Registrations in the main powerboat categories grew 0.8 percent in August versus the same month last year, but were still down 5.1 percent year-to-date in those high-volume segments.
However, data from Statistical Surveys Inc., which accounted for 26 early-reporting states and approximately 48 percent of the overall U.S. market, did not include Florida, as the state continues to face challenges gathering registration data. The company said this omission could skew the initial results.
By August, the industry has a good handle on overall registrations for the year, since historically about 78 percent of sales are made by that month; however, omitting Florida means there could be room for fluctuation, said SSI director Ryan Kloppe.
“If Florida has a good month, obviously that can steer an upward trend,” Kloppe told Trade Only Today. “As far as making predictions, I would wait to see. You’ve got to see Florida, which will hopefully be in by next month when they catch up.”
Overall registrations for the month were off 0.7 percent versus August 2018, and down 3.6 percent year-over-year. But there had been segment growth month-over-month, Kloppe pointed out.
“Obviously we had some growth in there — year-over-year comparisons [in the main powerboat categories] are about a percent up,” said Kloppe. “We saw some growth in pontoons and fiberglass outboards, some of the mainstays of growth, as well as ski and wake.”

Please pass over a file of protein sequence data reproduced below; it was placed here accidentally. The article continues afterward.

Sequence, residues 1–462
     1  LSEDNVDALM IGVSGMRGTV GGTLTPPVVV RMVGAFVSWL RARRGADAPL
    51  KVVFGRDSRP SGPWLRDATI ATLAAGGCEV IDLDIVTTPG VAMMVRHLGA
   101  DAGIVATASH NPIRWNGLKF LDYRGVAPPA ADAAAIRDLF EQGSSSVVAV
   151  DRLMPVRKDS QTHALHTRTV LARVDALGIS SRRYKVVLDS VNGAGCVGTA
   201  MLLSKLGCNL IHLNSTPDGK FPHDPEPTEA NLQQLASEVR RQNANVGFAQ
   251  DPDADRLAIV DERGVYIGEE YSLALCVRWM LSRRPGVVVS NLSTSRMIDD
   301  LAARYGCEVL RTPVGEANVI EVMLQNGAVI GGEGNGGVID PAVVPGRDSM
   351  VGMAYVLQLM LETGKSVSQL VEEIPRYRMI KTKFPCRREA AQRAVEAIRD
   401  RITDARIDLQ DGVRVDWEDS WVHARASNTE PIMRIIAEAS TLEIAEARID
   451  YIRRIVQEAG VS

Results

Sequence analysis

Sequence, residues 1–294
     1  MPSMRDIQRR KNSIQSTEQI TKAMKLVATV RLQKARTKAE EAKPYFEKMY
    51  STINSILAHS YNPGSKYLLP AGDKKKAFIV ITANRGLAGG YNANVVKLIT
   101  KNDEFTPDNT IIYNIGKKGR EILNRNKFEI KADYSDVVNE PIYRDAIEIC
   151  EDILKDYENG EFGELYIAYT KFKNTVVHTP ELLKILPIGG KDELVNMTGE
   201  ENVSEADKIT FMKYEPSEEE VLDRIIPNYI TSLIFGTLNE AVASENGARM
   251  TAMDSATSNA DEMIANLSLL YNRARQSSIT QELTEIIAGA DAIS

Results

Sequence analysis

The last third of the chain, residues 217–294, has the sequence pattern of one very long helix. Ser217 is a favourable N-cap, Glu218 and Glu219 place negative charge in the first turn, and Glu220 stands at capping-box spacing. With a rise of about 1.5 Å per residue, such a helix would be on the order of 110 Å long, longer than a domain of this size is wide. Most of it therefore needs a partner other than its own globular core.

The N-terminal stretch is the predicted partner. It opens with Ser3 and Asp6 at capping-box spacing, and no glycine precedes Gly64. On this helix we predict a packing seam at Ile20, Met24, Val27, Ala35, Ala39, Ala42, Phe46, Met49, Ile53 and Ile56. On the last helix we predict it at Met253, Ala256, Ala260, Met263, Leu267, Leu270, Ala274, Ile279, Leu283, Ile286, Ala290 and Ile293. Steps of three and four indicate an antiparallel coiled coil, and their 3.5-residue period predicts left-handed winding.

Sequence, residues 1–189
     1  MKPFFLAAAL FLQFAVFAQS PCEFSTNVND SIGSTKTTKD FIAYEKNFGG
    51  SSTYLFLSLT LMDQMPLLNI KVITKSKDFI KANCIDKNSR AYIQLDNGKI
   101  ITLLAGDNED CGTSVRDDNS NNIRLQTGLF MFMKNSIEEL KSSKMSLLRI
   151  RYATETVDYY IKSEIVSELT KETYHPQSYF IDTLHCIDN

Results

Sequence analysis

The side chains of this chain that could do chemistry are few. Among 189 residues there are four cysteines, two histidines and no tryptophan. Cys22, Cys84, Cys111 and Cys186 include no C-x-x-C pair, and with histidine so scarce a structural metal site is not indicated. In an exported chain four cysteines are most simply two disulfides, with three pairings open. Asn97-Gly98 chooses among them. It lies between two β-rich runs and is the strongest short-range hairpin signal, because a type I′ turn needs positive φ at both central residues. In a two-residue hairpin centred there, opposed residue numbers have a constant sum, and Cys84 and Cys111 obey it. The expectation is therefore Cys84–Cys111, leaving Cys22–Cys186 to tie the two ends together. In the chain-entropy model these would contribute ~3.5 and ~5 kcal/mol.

Pontoon registrations grew 7.4 percent compared to August last year, but were still down 3.5 percent year-to-date, signaling that some boaters delayed purchases after a cold and wet spring — particularly in big pontoon states like Michigan — but didn’t cover ground lost in the historically highest-volume selling months.
Fiberglass outboard boats grew 4.1 percent for the month compared to August 2018, and were off 1.9 percent year-over-year — something that could change when Florida data is included.
For the main powerboat segments, ski and wake boats were the only category that saw year-to-date growth at 2.9 percent; the category was up 3.3 percent during the month over August last year.
PWCs were the only other category to experience year-to-date growth, up 3.6 percent, and edged up 0.3 percent year-over-year.
Yachts 66 feet and above had a good month, growing to 12 units in August versus 4 units in August 2018.
“While we always talk about the fact that there’s not much unit volume in larger boats, there are some big dollar values since they’re a big-ticket item,” said Kloppe.
Aluminum fishing boats continued their downward trajectory, dropping 8.7 percent year-over-year and down 10.4 percent year-to-date. Sterndrive and inboard boats between 14 and 30 feet also dragged overall registration numbers, down 11.1 percent year-over-year and 10.6 percent for the month versus August 2018.
Generally, a slight softening might be occurring, but it’s nothing unique to boating, as industries like RV have also seen the same trend, said Kloppe.
“If you look at state year-over-year comparisons, some of them are down, but it’s nothing to write home about,” said Kloppe. “Overall, sales are also down less than they were — they were off 5 percent, but now they’re down 3.6 percent overall.”